NRM Regions

The CSIRO & BOM have been cooperating on natural resource management (NRM) for a number of years and this has brought them into work with Climate Change authorities, Dept of Environment & Energy, Dept of Landcare, and State governments.

Their CCIA NRM Technical Report 2015 shows how important the ideas expressed in BloggerMe's FOWTOR model can be to getting it right.

Penny Whetton (ed.): Climate Change in Australia: Projections for Australia's NRM Regions; Technical Report (CSIRO, 2015) ISBN 9781921232947 (PDF)

NRM Regions

Chapter 2 (authors John Clarke, Leanne Webb, and Kevin Hennessy) describes "NRM Regions", that are divided into "Clusters"; there are "Super Clusters" and "Sub-Clusters".

CCIA_NRM_Technical_Report_2015_p21 Box 2: NRM Regions

"In this report Australia is divided up into 56 natural resource management (NRM) regions based on catchments or bioregions. These regions facilitate the development and implementation of strategic NRM plans, and regional bodies play a key role in delivery of government NRM programmes, including the National Landcare Programme. These regions are determined by the Commonwealth, State and Territory governments, with revisions from time to time. For these projections, a regionalisation scheme using the NRM regional boundaries has been used. The main projections regions are called clusters. To allow time for the extensive analyses required to develop the results presented in this Report (and associated products) it was necessary to settle on the cluster boundaries and retain those boundaries for the life of the project. The boundaries were fixed on 1 January 2013. In early 2014, the New South Wales government realigned their NRM regional boundaries. This affects the East Coast, Southern Slopes and Murray Basin clusters, and to a lesser extent the Rangelands cluster (see the relevant Cluster Reports for details). In most cases, the definition of clusters was based on NRM regional boundaries. However, the whole of the Northern Territory is a single NRM region as is northern Western Australia. It was important in the definition of cluster boundaries to recognise the distinct climatic and biophysical character of the far northern monsoonal areas. As such, the Northern Territory and northern Western Australia were split along their sub-regional boundaries delineating the Monsoonal North and the Rangelands clusters. In addition, the Cape York Cooperative Management Area was used to delineate part of the boundary between the Wet Tropics and Monsoonal North clusters. Figure B2.1 shows the NRM regions and other boundaries used as the basis for the regionalisation described in this chapter." p21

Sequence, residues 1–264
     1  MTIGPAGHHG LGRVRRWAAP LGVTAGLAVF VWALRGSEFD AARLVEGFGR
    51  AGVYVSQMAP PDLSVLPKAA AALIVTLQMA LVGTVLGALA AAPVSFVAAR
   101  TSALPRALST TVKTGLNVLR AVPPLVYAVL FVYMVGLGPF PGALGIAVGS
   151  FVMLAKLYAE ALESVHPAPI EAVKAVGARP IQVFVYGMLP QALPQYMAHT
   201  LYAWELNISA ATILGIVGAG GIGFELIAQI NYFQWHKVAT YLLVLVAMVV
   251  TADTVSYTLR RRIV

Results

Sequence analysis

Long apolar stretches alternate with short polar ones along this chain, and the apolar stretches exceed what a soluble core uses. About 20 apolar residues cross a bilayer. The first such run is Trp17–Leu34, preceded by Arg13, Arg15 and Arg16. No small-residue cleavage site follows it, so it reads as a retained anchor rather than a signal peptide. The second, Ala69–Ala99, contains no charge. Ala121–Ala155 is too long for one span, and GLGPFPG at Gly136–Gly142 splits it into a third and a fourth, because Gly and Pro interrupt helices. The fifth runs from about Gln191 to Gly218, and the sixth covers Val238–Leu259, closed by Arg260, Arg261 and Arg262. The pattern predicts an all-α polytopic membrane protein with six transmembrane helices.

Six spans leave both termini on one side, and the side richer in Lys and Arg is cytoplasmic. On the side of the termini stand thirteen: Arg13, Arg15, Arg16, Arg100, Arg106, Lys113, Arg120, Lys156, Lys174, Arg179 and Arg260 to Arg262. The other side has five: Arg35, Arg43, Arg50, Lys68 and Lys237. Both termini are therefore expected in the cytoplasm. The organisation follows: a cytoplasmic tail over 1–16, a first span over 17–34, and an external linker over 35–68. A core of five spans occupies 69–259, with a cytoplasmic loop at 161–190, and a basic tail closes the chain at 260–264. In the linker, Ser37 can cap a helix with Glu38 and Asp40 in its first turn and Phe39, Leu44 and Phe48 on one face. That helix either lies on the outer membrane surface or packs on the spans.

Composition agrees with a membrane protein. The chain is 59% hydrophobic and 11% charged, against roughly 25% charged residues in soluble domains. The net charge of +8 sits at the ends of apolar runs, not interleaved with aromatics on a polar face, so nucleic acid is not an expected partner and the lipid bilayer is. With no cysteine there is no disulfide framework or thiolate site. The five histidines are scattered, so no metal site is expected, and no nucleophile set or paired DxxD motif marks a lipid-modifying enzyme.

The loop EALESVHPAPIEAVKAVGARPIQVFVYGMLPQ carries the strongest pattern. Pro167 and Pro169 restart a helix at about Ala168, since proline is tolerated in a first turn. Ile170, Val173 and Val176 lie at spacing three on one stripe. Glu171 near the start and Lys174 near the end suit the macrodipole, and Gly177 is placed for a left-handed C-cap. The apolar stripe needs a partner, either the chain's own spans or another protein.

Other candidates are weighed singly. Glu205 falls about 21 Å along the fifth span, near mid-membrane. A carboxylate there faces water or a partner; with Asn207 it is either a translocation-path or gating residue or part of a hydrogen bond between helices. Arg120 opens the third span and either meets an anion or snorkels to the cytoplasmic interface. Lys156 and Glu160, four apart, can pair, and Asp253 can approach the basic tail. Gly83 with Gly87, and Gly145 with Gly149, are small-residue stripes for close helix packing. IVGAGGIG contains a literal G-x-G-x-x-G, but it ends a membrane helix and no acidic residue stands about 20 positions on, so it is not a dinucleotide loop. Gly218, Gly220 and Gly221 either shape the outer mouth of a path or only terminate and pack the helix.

The NRM section makes reference to

DEPARTMENT OF AGRICULTURE. 2013. Natural resource management [Online]. See

DEPARTMENT OF THE ENVIRONMENT. 2013. Australia’s bioregions (IBRA) [Online]. See

Sub-dividing Australia


Chapter 2.3 is called SUB-DIVIDING AUSTRALIA

"For the purposes of this Report and associated products, Australia has been considered at three levels of detail to suit specific purposes. The regionalisation scheme, developed in consultation with the Department of the Environment, defines eight natural resource management (NRM) clusters. This sub-division was informed by logical groupings of recent past climatic conditions (e.g. Stern et al . 2000), biophysical factors and expected broad patterns of climate change (e.g. CSIRO and BOM, 2007). Where possible, the cluster boundaries were aligned with existing boundaries of 56 NRM regions (Department of Agriculture, 2013, Department of the Environment, 2013) – these are described in Box 2.1 (above). The clusters are shown in Figure 2.1 and a summary of selected characteristics of each cluster is provided in Table 2.1. There is a Cluster Report describing the climate change projections for each cluster available on the Climate Change in Australia website." ibid. p.16



"Recent studies (e.g. Grose et al . 2010) and preliminary analysis of the model results in the early stages of this work suggested further sub-division was needed in some cases to better capture the important patterns of projected change. In light of this, five of the eight clusters were sub-divided (Figure 2.2). Projections at this scale, called sub-clusters, are also more useful for impact assessment and adaptation planning." (ibid. p17)



"We have also developed a broad-scale regionalisation of Australia by amalgamating the NRM clusters into four super- clusters: Northern Australia, Eastern Australia, Southern Australia and Rangelands (Figure 2.3). This regionalisation is used within this Report (particularly in Chapter 7) to describe climate changes at national-scale while permitting representation of differing projected climate changes for the major climatic zones. The relationship between the three levels of sub-division is shown in Table 2.2." (ibid. p19)


Climate analogues

Continuing developments

Grose et al. Working Draft Confidential - Southern Slopes Cluster Report


ISBN Print: 978-1-4863-0430-1 Online: 978-1-4863-0431-8

op cit. p2

Michael Grose Conference paper 2010

More reading

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